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See also: Hock and höck

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EnglishEdit

 
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Etymology 1Edit

From hockamore, from the name of the German town of Hochheim am Main.

PronunciationEdit

NounEdit

hock (countable and uncountable, plural hocks)

  1. A Rhenish wine, of a light yellow color, either sparkling or still, from the Hochheim region; often applied to all Rhenish wines.

See alsoEdit

Etymology 2Edit

From Middle English hoch, hough, hocke, from Old English hōh, from Proto-Germanic *hanhaz (compare West Frisian hakke, Dutch hak, Low German Hack), from Proto-Indo-European *kenk (compare Lithuanian kìnka ‘leg, thigh, knee-cap’, kenklė̃ ‘knee-cap’, Sanskrit कङ्काल (kaṅkāla) ‘skeleton’)

NounEdit

hock (plural hocks)

  1. The tarsal joint of a digitigrade quadruped, such as a horse, pig or dog.
  2. Meat from that part of a food animal.
Derived termsEdit
TranslationsEdit

VerbEdit

hock (third-person singular simple present hocks, present participle hocking, simple past and past participle hocked)

  1. (transitive) To disable by cutting the tendons of the hock; to hamstring; to hough.
SynonymsEdit
HypernymsEdit

Etymology 3Edit

From English phrase in hock circa 1855-60, from Dutch hok (hutch, hovel, jail, pen, doghouse). [1]

VerbEdit

hock (third-person singular simple present hocks, present participle hocking, simple past and past participle hocked)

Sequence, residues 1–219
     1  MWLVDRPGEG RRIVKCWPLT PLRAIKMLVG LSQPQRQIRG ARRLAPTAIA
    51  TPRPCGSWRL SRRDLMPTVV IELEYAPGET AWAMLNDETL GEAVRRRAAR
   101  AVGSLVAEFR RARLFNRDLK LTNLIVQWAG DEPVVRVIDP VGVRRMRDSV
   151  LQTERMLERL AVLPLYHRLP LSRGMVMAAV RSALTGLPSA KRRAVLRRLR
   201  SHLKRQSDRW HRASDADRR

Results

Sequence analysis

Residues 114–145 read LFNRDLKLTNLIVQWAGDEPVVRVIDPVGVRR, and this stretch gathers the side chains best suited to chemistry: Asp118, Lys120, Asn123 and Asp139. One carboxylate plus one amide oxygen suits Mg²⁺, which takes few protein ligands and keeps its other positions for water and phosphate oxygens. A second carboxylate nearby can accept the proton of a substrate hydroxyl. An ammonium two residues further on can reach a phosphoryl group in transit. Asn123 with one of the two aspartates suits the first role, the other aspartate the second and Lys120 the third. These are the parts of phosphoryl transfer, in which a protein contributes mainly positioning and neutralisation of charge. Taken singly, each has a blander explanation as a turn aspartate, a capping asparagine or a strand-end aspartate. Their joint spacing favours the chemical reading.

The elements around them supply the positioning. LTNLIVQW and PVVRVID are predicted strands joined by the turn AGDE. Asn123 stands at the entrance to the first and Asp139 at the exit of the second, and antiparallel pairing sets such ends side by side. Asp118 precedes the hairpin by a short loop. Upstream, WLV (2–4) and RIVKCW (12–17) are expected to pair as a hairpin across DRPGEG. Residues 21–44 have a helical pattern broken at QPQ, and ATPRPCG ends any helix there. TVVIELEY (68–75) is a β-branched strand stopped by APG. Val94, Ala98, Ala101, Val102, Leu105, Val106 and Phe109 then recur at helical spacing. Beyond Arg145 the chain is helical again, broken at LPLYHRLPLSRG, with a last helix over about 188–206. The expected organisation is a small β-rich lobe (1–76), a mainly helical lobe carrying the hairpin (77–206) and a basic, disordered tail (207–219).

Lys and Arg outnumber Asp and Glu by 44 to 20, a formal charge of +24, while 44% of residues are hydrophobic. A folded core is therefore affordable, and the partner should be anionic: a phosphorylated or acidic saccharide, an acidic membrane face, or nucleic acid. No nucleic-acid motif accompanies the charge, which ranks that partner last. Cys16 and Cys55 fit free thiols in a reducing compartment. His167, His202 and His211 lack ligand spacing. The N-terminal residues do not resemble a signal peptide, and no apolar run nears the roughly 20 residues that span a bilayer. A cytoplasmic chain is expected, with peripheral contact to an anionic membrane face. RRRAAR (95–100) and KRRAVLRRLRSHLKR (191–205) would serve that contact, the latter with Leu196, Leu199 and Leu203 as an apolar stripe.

1. (transitive, colloquial) To leave with a pawnbroker as security for a loan.
TranslationsEdit

NounEdit

hock (uncountable)

  1. Pawn, obligation as collateral for a loan.
    He needed $750 to get his guitar out of hock at the pawnshop.
    • 2012 April 25, Patty Murphy, “Business bulletin”, in Associated Press, page 10A:
      But Ford Motor Co. needs another agency, either Standard & Poor's or Moody's, to make the same upgrade before it can get its blue oval logo, factories and other assets out of hock.
  2. Debt.
    They were in hock to the bank for $35 million.
  3. Installment purchase.
    • 2007, Tara Hanks, The Mmm Girl: Marilyn Monroe, by Herself, page 28:
      Later, Uncle Doc bought a couch on hock, then a bed.
  4. Prison.
Derived termsEdit

ReferencesEdit

Etymology 4Edit

Yiddish האַק (hak), imperative singular form of האַקן (hakn, to knock), from the idiomatic expression האַק מיר נישט קיין טשײַניק (hak mir nisht keyn tshaynik, don't knock a teakettle at me)

Alternative formsEdit

VerbEdit

hock (third-person singular simple present hocks, present participle hocking, simple past and past participle hocked)

  1. (US) To bother; to pester; to annoy incessantly

Etymology 5Edit

Variant of hack; from Middle English hacken, hakken, from Old English *haccian ("to hack"; attested in tōhaccian (to hack to pieces)), from Proto-Germanic *hakkōną (to chop; hoe; hew), from Proto-Indo-European *keg-, *keng- (to be sharp; peg; hook; handle).

NounEdit

hock (plural hocks)

  1. To cough heavily, esp. causing uvular frication.
    1. To cough while the vomit reflex is triggered; to gag.
    2. To produce mucus from coughing or clearing one's throat.

Derived TermsEdit

AnagramsEdit